Sunday, May 30, 2010

Clay III.136

Scriptive Abbey. The monks and nuns are of a stunning physical beauty. They live as a co-operative, each however with his or her own room. Their bodies are covered with texts from [. . .], tattooed upon them in cuneiform script. They are dedicated to amours, study and prayer.

There are three tattoo-scribes who work in the entrance hall--the Roman alphabetic transliteration fully legible on each of their six wrists. The various pictographs or ideographs that come to be used in the increasingly scriptive text will be translated over the rest of their bodies which over time will become reference works.

Those who come to read our text pay by the hour, and must decipher it as they will, the reference works being called up to the individual rooms by patrons for an added fee. The religious pay their way being read.

Of course there will be bodies of text preferred by each patron, either for the text itself or for the ensemble of the book as it gathers the text. Patrons will have to make appointments with each book to be read, and books cannot be taken out.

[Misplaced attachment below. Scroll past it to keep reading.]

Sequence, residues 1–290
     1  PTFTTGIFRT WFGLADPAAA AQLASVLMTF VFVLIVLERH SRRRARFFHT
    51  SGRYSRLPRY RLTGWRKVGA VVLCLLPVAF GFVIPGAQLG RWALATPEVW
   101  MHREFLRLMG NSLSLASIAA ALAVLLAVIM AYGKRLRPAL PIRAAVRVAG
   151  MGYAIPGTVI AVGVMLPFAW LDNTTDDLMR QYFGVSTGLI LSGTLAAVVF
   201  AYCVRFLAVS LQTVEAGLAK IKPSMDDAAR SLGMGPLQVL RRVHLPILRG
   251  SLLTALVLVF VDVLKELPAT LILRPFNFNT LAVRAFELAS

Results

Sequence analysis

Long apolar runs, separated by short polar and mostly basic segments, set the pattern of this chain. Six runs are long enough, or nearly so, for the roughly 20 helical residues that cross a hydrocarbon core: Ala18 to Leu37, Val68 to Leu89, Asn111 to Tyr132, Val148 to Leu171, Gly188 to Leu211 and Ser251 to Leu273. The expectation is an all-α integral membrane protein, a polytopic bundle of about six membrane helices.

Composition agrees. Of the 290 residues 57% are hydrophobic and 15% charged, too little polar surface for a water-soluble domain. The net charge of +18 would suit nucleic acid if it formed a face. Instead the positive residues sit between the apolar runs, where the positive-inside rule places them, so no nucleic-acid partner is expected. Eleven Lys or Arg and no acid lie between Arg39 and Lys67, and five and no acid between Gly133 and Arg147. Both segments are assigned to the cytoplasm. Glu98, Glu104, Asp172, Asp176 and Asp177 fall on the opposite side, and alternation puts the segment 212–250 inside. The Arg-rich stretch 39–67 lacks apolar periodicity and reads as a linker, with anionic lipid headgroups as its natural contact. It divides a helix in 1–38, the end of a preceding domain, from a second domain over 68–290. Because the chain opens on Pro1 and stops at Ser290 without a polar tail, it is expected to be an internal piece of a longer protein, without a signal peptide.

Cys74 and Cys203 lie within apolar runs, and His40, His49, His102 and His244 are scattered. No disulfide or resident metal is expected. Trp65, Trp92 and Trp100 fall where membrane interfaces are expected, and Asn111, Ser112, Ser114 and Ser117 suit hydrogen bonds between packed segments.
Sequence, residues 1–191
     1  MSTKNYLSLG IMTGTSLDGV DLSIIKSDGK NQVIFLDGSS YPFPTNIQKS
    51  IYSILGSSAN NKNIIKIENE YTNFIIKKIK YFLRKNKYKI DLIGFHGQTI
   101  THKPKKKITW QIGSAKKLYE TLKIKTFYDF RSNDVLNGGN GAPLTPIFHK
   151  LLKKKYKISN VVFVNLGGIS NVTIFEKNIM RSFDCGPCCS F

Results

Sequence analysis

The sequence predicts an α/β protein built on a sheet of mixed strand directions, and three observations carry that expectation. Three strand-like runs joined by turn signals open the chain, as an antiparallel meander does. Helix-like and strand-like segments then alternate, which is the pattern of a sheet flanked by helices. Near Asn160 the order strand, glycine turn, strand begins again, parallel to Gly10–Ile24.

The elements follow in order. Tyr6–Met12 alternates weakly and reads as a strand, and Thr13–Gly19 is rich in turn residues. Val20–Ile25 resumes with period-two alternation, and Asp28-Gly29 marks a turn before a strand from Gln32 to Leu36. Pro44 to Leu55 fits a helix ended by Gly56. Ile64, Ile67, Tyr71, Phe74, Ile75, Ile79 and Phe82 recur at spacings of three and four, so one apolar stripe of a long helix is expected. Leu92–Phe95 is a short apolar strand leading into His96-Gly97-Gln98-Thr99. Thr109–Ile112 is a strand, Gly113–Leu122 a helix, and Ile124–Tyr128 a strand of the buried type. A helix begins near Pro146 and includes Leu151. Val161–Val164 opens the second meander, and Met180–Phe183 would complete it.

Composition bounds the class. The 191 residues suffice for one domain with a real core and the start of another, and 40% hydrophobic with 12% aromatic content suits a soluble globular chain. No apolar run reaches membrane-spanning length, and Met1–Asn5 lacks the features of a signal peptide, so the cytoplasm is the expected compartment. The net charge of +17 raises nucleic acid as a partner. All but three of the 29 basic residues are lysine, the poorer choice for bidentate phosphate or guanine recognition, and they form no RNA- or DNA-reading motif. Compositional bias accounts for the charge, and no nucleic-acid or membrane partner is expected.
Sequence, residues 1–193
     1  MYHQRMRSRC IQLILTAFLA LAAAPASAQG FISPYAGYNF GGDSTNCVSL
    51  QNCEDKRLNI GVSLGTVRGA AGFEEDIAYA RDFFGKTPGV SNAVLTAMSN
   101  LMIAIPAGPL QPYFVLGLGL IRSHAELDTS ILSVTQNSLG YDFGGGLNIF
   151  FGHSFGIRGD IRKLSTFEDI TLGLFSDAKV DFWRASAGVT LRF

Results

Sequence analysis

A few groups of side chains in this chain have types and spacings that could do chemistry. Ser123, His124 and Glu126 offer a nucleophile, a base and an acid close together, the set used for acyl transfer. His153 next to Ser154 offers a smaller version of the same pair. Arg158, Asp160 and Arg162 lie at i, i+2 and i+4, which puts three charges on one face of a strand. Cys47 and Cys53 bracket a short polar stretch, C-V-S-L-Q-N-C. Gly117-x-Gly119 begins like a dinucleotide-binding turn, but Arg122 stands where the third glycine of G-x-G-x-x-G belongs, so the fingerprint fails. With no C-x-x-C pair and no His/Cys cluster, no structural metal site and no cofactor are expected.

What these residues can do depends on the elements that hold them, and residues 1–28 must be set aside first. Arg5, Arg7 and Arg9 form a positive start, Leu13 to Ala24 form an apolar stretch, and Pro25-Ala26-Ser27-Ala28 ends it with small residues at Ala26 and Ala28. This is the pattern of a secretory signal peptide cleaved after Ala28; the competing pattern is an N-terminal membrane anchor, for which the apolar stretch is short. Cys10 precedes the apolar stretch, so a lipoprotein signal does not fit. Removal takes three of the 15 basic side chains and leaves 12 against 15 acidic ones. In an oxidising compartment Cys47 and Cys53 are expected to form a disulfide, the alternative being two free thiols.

With each generation the task of this reading becomes more difficult, as the script becomes more scriptive. Patrons must then arrange to meet with an older book so as to corroborate their reading of the text under scrutiny. The text as a spoken word is held in the keeping of scribes and the religious, who may, it is true, eventually lose it themselves.

Such employment would hardly succeed in America at present, though the abbey or bibliothèque or brothel may work in Paris, Berlin, or Tokyo. The book needs relatively few hours of availability in order to pay its keep, and can spend the time thus gained in study, amours and prayer.

Many a book will not allow him- or herself to be handled before he or she has been well read.

NB: Prospective books have no choice of what text or texts they are made. The tattoo-scribe chooses to copy what and where he or she will. The full text of [. . .] must be preserved--i.e. legible--in the library at all times.

Je m'adresse à Béatrice André-Leickmann, à Jean-Louis de Cénival, à Jean Bottero, à Christine Ziegler, à Ake Sjoberg, à vos étudiants, aux parisiens choisis: j'ai besoin d'artistes de tatouage, de jeunes hommes et femmes dévots, d'une grande maison pas loin du centre-ville, d'un traducteur, et de votre collaboration dans la scriptivité continuelle et progressive du [. . .], i.e. je vous prie de m'emmener à Paris pour étudier là-bas. --Eric Mader-Lin

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